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What Happens If I Withdraw Money From My Pension Plan After I Retire?

Usually such withdrawals will be in the form of income payments, but there may be other options. If the plan administrator allows it, you can make non-recurring (one-time) withdrawals from a pension fund.

This is usually not allowed, however. The regular qualified plan distribution rules will apply as far as the IRS is concerned, and they may charge a 10% penalty if the withdrawals are taken before age 59½. After you retire, you’ll typically have two options: a fixed monthly payment for the rest of your life (also known as a Life Annuity), or a lump-sum payment.

It’s important to understand which choice is best for you – and this isn’t always easy. Generally speaking, if you will have a long and healthy life, the monthly payments are a better choice. Regretfully, if your life expectancy (for whatever reasons) does not extend far beyond your retirement age, a lump-sum distribution can be a better choice. The reason for that is simple – your Pension usually stops when you die.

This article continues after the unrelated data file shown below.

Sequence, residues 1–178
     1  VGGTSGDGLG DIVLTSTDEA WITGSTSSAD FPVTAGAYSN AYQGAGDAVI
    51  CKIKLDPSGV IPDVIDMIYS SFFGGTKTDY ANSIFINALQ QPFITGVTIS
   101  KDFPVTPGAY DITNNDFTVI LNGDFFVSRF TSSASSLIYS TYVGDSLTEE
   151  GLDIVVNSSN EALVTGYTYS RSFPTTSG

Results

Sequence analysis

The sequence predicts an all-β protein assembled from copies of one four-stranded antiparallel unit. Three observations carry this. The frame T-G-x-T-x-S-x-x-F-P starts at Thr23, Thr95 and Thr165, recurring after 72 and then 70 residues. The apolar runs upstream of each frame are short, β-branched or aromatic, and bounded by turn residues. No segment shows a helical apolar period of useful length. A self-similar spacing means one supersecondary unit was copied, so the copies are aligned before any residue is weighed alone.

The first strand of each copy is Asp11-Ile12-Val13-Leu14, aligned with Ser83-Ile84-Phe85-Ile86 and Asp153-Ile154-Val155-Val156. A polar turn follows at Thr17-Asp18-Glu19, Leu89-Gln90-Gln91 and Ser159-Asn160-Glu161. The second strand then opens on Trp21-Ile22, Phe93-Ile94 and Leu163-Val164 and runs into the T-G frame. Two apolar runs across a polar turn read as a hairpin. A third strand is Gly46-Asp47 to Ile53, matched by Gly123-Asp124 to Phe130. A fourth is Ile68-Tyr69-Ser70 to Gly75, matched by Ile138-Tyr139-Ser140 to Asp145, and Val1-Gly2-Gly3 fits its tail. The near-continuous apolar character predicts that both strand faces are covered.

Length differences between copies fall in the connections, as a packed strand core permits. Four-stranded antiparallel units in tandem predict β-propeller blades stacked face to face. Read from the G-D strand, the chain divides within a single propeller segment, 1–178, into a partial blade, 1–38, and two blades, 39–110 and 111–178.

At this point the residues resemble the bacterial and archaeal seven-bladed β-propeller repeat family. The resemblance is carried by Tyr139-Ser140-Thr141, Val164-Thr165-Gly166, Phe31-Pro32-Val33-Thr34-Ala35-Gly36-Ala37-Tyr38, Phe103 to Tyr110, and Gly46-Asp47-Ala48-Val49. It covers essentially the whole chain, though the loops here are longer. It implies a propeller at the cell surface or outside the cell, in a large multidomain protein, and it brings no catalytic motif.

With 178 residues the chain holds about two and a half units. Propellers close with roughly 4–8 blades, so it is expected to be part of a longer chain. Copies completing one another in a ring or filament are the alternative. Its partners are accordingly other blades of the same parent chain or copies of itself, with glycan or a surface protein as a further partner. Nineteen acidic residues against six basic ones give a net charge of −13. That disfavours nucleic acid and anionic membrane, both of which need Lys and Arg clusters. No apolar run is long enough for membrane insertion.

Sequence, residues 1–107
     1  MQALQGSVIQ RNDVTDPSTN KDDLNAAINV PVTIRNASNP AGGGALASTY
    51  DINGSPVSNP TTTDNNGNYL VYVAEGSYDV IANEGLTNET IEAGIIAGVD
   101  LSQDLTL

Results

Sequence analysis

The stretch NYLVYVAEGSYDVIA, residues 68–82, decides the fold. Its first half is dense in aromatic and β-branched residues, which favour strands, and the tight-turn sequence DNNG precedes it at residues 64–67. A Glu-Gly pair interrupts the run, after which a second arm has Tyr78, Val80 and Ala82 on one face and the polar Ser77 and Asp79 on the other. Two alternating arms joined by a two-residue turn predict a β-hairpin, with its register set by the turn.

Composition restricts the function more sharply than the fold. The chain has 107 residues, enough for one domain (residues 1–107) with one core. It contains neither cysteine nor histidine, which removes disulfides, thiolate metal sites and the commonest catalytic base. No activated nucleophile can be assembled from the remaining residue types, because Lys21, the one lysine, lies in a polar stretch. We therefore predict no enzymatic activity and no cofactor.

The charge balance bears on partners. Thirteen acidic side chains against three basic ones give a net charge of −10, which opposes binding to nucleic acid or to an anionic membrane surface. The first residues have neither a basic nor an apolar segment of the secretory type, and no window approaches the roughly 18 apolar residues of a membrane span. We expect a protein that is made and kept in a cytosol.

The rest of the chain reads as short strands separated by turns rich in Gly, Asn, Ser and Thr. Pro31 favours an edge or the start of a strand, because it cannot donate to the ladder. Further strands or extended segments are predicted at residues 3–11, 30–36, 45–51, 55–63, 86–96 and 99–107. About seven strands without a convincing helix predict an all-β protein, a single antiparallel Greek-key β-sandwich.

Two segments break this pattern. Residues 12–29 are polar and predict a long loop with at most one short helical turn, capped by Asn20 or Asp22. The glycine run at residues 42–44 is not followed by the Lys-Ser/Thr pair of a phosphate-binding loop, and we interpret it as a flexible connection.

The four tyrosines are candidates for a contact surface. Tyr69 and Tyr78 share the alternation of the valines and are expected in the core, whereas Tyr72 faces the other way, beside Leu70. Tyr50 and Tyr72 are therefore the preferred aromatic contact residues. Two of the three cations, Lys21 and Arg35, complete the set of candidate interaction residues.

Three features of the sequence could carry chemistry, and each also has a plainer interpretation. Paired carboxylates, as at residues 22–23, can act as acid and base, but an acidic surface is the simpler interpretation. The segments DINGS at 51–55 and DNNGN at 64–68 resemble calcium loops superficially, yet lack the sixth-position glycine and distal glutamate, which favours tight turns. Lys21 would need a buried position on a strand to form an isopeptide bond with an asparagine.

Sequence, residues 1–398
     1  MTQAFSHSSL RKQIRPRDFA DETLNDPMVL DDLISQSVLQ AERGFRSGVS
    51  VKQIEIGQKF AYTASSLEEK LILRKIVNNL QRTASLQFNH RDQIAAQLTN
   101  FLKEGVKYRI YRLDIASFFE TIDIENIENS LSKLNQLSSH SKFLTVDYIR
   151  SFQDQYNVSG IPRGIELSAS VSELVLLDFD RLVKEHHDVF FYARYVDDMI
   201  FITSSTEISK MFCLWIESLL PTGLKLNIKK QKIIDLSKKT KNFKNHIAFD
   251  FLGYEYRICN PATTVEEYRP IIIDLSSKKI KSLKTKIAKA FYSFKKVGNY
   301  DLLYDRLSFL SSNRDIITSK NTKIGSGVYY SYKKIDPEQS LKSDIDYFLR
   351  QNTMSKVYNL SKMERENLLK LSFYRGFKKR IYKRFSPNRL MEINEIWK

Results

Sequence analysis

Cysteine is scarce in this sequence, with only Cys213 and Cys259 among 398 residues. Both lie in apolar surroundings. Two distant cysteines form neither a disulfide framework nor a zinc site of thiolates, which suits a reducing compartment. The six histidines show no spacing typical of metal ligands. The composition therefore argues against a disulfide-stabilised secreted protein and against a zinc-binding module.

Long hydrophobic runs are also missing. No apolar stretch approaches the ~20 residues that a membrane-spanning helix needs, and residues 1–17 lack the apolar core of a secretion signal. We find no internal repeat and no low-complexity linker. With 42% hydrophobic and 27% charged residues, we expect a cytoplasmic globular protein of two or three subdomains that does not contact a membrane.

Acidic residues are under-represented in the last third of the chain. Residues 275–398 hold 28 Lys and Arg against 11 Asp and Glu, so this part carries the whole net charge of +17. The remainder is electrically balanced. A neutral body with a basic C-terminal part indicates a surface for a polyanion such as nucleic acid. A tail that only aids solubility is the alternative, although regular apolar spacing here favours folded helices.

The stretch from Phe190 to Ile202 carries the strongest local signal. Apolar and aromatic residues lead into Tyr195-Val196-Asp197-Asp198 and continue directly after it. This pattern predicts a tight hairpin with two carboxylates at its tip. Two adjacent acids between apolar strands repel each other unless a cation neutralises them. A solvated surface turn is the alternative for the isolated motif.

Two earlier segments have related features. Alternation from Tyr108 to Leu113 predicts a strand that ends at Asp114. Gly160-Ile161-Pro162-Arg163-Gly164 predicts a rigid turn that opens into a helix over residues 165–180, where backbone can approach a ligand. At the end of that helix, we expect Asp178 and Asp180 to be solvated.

Many pensions give you the option to take a slightly lower payout at first but to have a survivorship benefit payout to your spouse of, say, half of the full pension amount — this can be a huge benefit if your spouse is significantly younger or in better health.

The annuity options might also include a “years certain” option, which means that the annuity payments are guaranteed to pay for the number of years-certain, starting from the beginning of the income withdrawals, whether or not the plan participant is alive.

If the plan participant lives longer than the years certain, it will continue to pay, but will stop when he or she dies. Consult with a professional before making such an important decision.

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How are My Retirement Benefits Computed?

Keywords: taxation, retirement accounts, pension, spousal survivorship pension, years certain, non-recurring withdrawals,